The plea agreement reads: "[Petitioner] gives up the right to appeal any sentence imposed by the Court and the manner in which the sentence is determined, provided the sentence does not include a criminal fine and requires a term of imprisonment no greater than that specified in paragraph 12 above, and with the exception that the defendant reserves the right to appeal the calculation of defendant's criminal history category. [Petitioner] also gives up any right to bring a post-conviction collateral attack on the conviction or sentence, except a post-conviction collateral attack based on a claim of ineffective assistance of counsel, a claim of newly discovered evidence, or an explicitly retroactive change in the applicable Sentencing Guidelines, sentencing statutes, or statutes of conviction." Opp., Exh. 1 at 12.

According to respondent, the Court imposed the sentence requested by the plea agreement, and the collateral attack waiver is therefore effective. Opp. at 2. Respondent claims that petitioner's request for a sentence reduction is not based on any of the excepted grounds, and are accordingly waived. Id.

The Court agrees with respondent. Petitioner entered into a "fast-track" plea agreement with respondent pursuant to Fed. R. Crim. P. 11(c)(1)(C). The terms of the plea agreement, quoted above, unambiguously state that petitioner gives up his right to appeal his sentence and waives any right to bring a post-conviction collateral attack on his conviction or sentence. See Opp., Exh. 1 at 12.

"The Ninth Circuit recognizes strong public policy considerations justifying the enforcement of a defendant's waiver of his right to appeal or collaterally attack a judgment." Franco-Guillen v. United States, 2011 WL 455222, at *1 (S.D. Cal. Feb. 3, 2011); see United States v. Novarro-Botello, 912 F.2d 318, 321 (9th Cir. 1990) ("knowing and voluntary constitutional waivers do not violate due process."). Furthermore, petitioner does not request a sentence reduction based on any of the excepted grounds, such as ineffective assistance of counsel, newly discovered evidence, or a retroactive change in the applicable Sentencing Guidelines, sentencing statutes, or statutes of conviction. See Opp, Exh. 1 at 12. The Court finds that by entering into the plea agreement with respondent pursuant to Fed. R. Crim. P. 11(c)(1)(C), petitioner knowingly and voluntarily waived his right to collaterally attack his sentence. Accordingly, the Court must deny his§ 2255 motion.*fn1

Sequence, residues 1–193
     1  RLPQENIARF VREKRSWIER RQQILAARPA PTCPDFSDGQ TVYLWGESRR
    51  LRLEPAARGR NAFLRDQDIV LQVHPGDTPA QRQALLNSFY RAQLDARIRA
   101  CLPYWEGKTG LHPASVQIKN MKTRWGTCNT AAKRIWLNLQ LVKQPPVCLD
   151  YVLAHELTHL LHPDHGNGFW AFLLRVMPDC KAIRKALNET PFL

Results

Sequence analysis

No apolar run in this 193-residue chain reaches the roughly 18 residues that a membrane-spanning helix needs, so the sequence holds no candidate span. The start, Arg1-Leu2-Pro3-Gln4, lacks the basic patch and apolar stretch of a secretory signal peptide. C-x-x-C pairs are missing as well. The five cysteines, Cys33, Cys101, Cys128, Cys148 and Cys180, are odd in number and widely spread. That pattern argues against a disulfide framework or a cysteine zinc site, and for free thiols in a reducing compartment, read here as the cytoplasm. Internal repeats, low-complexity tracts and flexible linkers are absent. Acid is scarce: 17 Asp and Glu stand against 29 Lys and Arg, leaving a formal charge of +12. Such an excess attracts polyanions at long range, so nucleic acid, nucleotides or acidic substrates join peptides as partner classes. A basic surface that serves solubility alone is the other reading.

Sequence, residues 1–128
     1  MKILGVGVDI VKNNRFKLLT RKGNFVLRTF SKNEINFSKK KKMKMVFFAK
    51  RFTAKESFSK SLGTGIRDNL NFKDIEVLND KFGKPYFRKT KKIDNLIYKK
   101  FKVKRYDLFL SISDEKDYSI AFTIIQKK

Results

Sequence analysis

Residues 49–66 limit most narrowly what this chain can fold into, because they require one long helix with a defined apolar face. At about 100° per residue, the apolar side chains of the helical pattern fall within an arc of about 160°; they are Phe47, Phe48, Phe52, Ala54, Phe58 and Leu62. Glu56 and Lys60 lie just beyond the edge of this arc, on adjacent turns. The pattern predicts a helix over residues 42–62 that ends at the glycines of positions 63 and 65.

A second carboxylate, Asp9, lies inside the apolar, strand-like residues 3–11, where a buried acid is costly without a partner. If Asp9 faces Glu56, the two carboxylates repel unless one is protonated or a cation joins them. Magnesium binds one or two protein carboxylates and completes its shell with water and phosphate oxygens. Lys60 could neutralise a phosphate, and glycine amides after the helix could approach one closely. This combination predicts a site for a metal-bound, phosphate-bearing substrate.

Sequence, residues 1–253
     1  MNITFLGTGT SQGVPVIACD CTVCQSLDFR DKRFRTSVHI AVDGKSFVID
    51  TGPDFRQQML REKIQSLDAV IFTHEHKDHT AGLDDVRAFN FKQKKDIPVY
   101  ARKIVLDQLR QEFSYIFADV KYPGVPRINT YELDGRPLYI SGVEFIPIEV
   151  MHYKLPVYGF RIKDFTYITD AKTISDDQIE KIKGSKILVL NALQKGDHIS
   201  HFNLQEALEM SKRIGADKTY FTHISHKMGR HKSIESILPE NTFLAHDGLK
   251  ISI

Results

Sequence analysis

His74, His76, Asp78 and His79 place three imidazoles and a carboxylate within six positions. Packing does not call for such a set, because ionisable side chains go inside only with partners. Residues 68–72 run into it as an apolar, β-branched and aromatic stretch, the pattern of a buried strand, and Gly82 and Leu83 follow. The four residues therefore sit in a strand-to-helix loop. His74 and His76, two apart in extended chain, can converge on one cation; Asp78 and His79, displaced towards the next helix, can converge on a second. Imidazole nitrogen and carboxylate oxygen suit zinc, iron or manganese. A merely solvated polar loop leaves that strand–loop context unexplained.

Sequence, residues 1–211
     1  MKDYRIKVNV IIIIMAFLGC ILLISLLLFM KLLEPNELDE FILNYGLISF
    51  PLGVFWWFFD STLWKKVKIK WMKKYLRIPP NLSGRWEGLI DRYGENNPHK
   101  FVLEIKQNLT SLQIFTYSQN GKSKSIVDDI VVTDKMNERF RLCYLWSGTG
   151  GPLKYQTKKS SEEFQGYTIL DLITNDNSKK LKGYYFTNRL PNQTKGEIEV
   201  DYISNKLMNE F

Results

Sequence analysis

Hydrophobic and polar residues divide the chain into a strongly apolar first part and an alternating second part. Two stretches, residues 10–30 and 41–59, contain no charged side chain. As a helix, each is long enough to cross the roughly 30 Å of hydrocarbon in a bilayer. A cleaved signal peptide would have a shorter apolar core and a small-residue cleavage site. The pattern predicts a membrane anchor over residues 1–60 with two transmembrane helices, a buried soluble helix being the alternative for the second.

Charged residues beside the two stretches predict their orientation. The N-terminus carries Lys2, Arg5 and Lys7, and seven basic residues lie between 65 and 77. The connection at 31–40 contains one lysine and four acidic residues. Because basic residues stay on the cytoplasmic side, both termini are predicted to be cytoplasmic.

The Court additionally finds that petitioner has procedurally defaulted on his equal protection and due process claims. "Claims that could have been raised on appeal, but were not, are procedurally defaulted." United States v. Rodriguez-Palomares, 2008 WL 4691843, at *1 (S.D. Cal. Oct. 22, 2008); see Bousley v. United States, 523 U.S. 614, 621-22 (1998) (habeas review is an extraordinary remedy and will not be allowed to substitute for an appeal). The Court finds that petitioner has waived these claims by failing to appeal them directly in the first instance. Id.

Moreover, the Court finds that petitioner's equal protection and due process claims fail on the merits. Bureau of Prison ("BOP") policies preventing deportable aliens from participating in certain programs survive constitutional challenge. See McLean v. Crabtree, 173 F.3d 1176, 1186 (9th Cir.1999). In McLean, the Ninth Circuit found that BOP exclusion of prisoners with detainers from community-based program based on petitioners' alien status did not violate equal protection. Id. "The BOP reasoned that prisoners with detainers pose a flight risk during the community-based treatment phase because they are subject to possible deportation upon release from custody, and therefore have reason to flee a halfway house." Id.

The Ninth Circuit also rejected the petitioners' due process claim, finding that denial of the one year reduction does not "impose[ ] atypical and significant hardship on the inmate in relation to the ordinary incidents of prison life." Id. at 1185,citing Sandin v. Conner, 515 U.S. 472, 484, (1995). "In fact, denial merely means that the inmate will have to serve out his sentence as expected." Id.

In accordance with the foregoing, the court hereby DENIES petitioner's § 2255 motion with prejudice.